I work as a research assistant at a think tank. My boss heads the most important division —fund development —for the organization. My problem is, however hard I work and whatever hours I put in, my boss never notices or praises the efforts. However, she is very good at catching out my mistakes and is patient enough to explain how to do it better and give proper guidance.
But she is uncomfortable with any show of initiative or good work on my part. Another colleague is treated totally differently and garners all praises for even the smallest effort. In my five years with the organization, I have worked hard, implemented new processes, learned new skills relevant to the job and even raised funds. But recently, when I asked for a raise, I was turned down, saying raises were more consume rate with the job scale and I was already being paid well.
I know I am good at my job and enjoy what I am learning and implementing. But I want my boss to acknowledge the hard work or give an honest, constructive feedback, instead of just brushing off all my good work and initiatives.
Jane: I am so sorry to read about how you are being treated. It seems from your telling that your boss views your effort totally different from you.
What is surprising is that she is free with her praises with other work colleagues and subordinates. So it is not as if she is the type of boss who only likes to criticize and not praise or give feedback. There are many such managers. But with them, you know it is universal and not personal.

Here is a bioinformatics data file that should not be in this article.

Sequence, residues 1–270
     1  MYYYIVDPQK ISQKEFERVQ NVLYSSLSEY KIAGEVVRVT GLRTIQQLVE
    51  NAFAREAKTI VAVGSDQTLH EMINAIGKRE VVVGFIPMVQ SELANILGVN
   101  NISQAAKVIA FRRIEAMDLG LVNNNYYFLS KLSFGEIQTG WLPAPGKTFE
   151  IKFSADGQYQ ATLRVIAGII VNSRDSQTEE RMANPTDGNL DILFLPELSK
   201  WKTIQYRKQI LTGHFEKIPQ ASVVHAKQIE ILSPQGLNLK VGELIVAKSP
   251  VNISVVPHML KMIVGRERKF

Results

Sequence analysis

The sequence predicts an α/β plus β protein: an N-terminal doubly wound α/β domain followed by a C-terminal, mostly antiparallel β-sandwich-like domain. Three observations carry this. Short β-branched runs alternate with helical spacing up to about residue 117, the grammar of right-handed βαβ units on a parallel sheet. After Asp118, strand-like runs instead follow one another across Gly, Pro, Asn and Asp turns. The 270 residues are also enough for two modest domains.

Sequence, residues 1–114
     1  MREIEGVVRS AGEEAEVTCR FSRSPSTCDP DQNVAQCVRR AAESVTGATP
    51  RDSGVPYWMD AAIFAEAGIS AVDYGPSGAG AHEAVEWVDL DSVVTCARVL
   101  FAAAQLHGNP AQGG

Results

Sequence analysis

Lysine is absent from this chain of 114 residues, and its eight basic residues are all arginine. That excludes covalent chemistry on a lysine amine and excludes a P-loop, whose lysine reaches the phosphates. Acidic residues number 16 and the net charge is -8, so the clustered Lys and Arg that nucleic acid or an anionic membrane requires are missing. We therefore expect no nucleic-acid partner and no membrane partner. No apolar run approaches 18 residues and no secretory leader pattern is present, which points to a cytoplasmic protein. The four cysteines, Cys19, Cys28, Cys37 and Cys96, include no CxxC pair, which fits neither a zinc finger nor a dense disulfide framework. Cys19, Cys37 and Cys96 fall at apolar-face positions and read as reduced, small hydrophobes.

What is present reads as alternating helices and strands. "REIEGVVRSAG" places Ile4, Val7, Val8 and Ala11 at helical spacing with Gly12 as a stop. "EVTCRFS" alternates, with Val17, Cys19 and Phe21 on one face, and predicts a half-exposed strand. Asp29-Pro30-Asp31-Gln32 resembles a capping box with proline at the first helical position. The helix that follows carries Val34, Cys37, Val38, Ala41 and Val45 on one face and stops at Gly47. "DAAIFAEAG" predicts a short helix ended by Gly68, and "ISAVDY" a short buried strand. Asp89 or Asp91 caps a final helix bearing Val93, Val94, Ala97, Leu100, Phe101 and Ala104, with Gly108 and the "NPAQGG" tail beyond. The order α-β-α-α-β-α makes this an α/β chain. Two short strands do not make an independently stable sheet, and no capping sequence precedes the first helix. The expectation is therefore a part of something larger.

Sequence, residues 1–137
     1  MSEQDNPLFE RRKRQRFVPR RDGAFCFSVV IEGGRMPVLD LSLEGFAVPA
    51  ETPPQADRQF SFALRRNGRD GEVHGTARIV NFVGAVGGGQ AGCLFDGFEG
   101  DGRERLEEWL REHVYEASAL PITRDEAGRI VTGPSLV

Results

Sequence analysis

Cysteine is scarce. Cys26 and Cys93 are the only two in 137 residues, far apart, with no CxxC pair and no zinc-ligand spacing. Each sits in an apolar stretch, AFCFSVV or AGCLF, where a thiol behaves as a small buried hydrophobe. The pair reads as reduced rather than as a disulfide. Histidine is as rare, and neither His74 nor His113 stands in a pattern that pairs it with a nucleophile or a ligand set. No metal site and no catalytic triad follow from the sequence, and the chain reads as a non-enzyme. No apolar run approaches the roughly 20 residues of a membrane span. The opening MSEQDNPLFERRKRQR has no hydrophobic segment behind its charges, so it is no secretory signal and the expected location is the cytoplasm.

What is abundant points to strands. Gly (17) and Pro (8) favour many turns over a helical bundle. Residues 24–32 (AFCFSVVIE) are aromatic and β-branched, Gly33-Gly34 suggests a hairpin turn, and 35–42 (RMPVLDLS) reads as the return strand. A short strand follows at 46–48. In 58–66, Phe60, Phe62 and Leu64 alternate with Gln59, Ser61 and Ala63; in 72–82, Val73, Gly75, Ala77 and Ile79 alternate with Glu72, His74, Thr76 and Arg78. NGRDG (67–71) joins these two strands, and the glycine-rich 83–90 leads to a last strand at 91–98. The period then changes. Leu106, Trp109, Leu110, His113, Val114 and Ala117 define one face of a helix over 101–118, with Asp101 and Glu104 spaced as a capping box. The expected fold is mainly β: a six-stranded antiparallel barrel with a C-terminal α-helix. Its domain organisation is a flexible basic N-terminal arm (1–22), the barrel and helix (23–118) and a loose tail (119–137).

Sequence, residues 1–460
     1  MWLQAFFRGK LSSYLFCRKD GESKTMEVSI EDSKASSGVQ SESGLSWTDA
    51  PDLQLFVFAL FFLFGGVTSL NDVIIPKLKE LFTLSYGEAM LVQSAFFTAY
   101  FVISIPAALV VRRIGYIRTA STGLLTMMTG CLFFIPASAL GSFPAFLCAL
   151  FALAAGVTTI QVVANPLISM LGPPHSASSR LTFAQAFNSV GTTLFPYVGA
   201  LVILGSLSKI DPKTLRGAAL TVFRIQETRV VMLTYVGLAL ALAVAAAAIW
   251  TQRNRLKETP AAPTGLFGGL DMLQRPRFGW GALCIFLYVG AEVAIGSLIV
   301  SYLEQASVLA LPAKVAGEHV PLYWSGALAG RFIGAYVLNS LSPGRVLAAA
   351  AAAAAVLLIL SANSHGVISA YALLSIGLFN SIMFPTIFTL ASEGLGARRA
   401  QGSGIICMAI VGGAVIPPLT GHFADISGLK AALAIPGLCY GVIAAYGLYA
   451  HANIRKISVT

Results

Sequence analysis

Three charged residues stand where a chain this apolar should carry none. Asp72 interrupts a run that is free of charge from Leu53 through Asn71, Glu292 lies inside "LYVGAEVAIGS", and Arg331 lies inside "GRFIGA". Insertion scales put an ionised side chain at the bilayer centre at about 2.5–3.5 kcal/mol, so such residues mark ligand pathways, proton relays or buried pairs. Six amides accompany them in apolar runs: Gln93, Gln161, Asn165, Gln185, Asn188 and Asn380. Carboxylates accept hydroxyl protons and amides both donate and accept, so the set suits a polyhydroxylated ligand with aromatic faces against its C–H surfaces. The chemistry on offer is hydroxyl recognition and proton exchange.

It is strange that she has never found anything about your work to praise. Though she seems quick with her criticism and mistake pointing, however polite she is with it.
In almost five years, even if she is not impressed with your work, there is something that she should have found praiseworthy. The fact that there is no positive response to any work you put in —be it learning new skills, trying to save costs for the team, implementing good processes and even raising funds, raises some red flags here.
I know you are very engaged with the job you are doing and satisfied with your performance, but the one person who should be validating that is avoiding the issues. My advice is you should start looking for a new job. If she did not find any positive in your performance in five years and is almost ignoring you, then it is time to just leave.
No amount of dialogue or intervention of a third party is going to work. If forced into a corner, she is going to just say that your work was unsatisfactory. Hence, it is better to leave the job on your terms, rather than with a negative mark of unsatisfactory performance, however unjustified it may be.
To continue working for someone who is bent upon not giving you credit is harmful to your mental peace and even professionally.
If you still want to address the issue, then ask for a meeting and question her with– “I want to know how you see my work? I think I have done quite well compared to others in the team and have accomplished XYZ.”
Confront the issue of not noticing or acknowledging your efforts despite being free with praises for the smallest achievements with others. Ask, “I am wondering if you apply a different set of standards for me and if so, Why?”
If you get another indifferent response —or a list of things you need to improve —then your reply should be, “I am always open to where I need to improve but would also like to here some positive feedback of when I have done something right, which I am sure we can find something to agree upon.”
The whole point of the exercise is to get her to acknowledge that her feedback has been one-sided. If she still feels that she has nothing positive to say about your work, then it is time that you make the decision to move on. I am positive that with your hard work and initiative, it would not be difficult to shine wherever you go.